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Increasing numbers of individuals and organizations are adopting “antiracist policies and practices” in response to societal moves to redress historical injustices. From retail businesses to academic institutions to professional scientific bodies, expressions of antiracism are the emergent zeitgeist in relation to institutional statements on equity, diversity, and inclusion.

Despite these moves, there has been relatively little empirical attention paid to the topic of antiracism, with most of what is popularly known about the concept emerging from Ibram X. Kendi’s book, How To Be an Antiracist. That is until recently, when a team of psychologists from Bates College and Florida State University explored how antiracism expresses itself from a psychological perspective.

What Is “Antiracism”?

The term “antiracism” was not commonly heard in social discussions about racial injustice outside of academia until Kendi published his bestseller in 2019. In the book, Kendi—a historian by background with a doctoral degree in African American Studies—sets out his thesis, which in essence divides society into two groups: racists and antiracists.

In this dichotomy, antiracism is the process of taking active steps to counter current and historical racial inequities. It is activist behavior that distinguishes antiracism from racism. That is, if somebody does not work to dismantle or disrupt processes that are said to uphold or perpetuate inequities between white people and people of color, that individual would be classified as racist in the absence of any explicitly discriminatory views, and even when they expressly find racial discrimination repugnant. The importance of activism is central to the claim that “white silence is violence,” which also became a mainstay of discussions surrounding the Black Lives Matter movement in 2020.

Kendi’s doctrine has received criticism for itself endorsing racist ideas, including a call for reversing historical discrimination by engaging in present-day discrimination against white people. Specifically, in How To Be an Antiracist he says:

The only remedy to racist discrimination is antiracist discrimination. The only remedy to past discrimination is present discrimination. The only remedy to present discrimination is future discrimination.

Despite the nature of these ideas, Kendian antiracism has become the language of contemporary policies related to equity, diversity, and inclusion within most organizations.

Does Nonracism Actually Exist?

Central to the antiracism doctrine is Kendi’s “racist/antiracist” dichotomy and the claim that it is not possible to simply be “nonracist.” However, new research led by Jennifer LaCrosse of Bates College (Lewiston, ME) and coauthors has cast doubt on this.

LaCrosse and colleagues developed a measure of antiracism that explicitly found two dimensions:

Looking at their data, the researchers found that this two-factor model was present in their initial development sample of 80 Americans and fit better than a single “antiracism” model in a separate sample of 716 Americans. All participants were white undergraduates.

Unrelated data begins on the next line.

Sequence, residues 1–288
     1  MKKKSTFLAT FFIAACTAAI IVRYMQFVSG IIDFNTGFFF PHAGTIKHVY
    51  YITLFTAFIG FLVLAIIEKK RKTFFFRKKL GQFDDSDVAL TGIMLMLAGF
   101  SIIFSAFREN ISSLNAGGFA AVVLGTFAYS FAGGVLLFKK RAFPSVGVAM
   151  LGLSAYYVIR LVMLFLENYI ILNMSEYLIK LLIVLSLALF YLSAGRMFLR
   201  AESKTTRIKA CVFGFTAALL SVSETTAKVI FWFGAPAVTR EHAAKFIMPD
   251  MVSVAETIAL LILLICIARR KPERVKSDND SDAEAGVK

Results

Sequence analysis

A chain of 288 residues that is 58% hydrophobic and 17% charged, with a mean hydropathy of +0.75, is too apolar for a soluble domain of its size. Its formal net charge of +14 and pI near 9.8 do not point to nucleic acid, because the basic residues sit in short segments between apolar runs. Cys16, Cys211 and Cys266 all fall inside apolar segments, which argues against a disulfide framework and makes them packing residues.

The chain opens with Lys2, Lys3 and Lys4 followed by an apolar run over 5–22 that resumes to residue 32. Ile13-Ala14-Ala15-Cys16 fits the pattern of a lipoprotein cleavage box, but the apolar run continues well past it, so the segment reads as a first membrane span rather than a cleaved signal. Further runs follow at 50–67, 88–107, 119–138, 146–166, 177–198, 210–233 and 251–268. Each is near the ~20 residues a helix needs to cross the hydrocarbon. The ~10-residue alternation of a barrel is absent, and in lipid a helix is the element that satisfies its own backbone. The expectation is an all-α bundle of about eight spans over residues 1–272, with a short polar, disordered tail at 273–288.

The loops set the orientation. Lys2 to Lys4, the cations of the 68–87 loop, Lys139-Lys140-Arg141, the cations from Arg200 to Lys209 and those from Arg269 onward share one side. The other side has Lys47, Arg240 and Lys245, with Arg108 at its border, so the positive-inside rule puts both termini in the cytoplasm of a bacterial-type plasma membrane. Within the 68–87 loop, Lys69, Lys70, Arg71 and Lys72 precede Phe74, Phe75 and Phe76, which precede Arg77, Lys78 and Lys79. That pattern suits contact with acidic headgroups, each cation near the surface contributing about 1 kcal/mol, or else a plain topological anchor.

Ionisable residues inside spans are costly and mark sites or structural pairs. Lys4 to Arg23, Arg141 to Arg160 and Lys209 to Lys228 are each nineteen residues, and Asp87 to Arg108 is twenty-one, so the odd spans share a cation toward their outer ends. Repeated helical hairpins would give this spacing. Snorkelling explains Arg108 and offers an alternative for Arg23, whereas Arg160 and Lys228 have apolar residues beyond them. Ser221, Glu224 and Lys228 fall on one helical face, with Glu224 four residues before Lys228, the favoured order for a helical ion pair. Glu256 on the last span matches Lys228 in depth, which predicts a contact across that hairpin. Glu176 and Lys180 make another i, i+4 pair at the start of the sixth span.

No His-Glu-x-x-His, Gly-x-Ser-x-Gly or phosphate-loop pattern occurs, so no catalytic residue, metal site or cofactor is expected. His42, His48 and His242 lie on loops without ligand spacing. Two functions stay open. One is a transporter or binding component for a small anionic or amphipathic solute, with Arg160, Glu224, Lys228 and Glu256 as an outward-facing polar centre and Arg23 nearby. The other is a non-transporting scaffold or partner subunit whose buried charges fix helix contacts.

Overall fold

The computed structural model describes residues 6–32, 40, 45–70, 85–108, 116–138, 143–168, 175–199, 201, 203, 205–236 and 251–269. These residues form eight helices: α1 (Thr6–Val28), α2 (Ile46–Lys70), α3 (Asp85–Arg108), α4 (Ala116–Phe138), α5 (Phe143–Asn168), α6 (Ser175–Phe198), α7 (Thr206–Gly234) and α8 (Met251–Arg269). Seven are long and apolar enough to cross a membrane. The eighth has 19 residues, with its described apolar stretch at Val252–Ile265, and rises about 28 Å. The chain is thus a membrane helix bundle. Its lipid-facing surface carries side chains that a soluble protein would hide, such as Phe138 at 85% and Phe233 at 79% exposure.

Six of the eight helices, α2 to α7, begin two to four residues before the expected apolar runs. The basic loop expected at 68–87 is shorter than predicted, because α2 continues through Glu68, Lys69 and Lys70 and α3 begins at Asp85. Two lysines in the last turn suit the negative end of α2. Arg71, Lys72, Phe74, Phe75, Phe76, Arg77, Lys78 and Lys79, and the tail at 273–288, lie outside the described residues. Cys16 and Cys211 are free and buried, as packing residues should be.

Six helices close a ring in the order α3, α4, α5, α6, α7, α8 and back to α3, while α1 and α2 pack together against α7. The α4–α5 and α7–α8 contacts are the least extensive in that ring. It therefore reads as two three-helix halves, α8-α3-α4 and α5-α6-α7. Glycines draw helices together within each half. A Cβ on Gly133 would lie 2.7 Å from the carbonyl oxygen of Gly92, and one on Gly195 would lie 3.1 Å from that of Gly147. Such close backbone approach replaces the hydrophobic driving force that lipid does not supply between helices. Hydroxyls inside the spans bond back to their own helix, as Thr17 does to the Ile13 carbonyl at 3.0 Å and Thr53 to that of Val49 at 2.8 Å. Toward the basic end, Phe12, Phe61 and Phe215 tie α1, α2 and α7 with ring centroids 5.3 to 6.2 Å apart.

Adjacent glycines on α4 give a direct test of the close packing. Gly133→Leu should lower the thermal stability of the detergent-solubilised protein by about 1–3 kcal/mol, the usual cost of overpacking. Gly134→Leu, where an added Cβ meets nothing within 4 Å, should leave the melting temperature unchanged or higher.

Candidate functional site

Exploring the validity of their newly developed measure, LaCrosse and colleagues found that antiracism (but not nonracism) predicted a self-reported likelihood for volunteering for a campus organization engaged in anti-inequality marches and protests, a perception among participants that white people need to be involved in advancing civil rights initiatives, and support for tax breaks for organizations who actively support racial diversity.

Antiracism (but not nonracism) was also associated with lower victim blame in relation to a fictitious case of a police officer shooting an unarmed Black criminal suspect, higher levels of officer blame, and much clearer preferences for harsh punishments.

Nonracism was not associated with opposite trends and cannot, therefore, be meaningfully considered “racist,” unless one is to adopt the Kendian dichotomy. Instead, nonracism was unrelated (statistically) to any of these outcomes. That is, explicit racist attitudes were unrelated to victim and officer blame, or to punishment preferences.

Despite seeming to provide data that transcend Kendi’s dichotomy, LaCrosse and colleagues appear to endorse the antiracist doctrine in their conclusion, stating:

…the current work indicates that, in order to maximize the likelihood of meaningful social change, in addition to being nonracist, White Americans should be antiracist. If White Americans do not recognize the pervasiveness of racial inequality and the need for them to get involved in the battle to end it, then they are unlikely to become proactive allies in the fight against such inequities.

Despite this, further work might be done to explore whether it is possible on this new scale to be nonracist but not antiracist and to compare the decision-making processes, attitudes, and behaviors of these individuals to explicitly antiracist people. In doing so, a more direct test of the Kendian dichotomy of “racist or antiracist” might be possible.

This content was originally published here.

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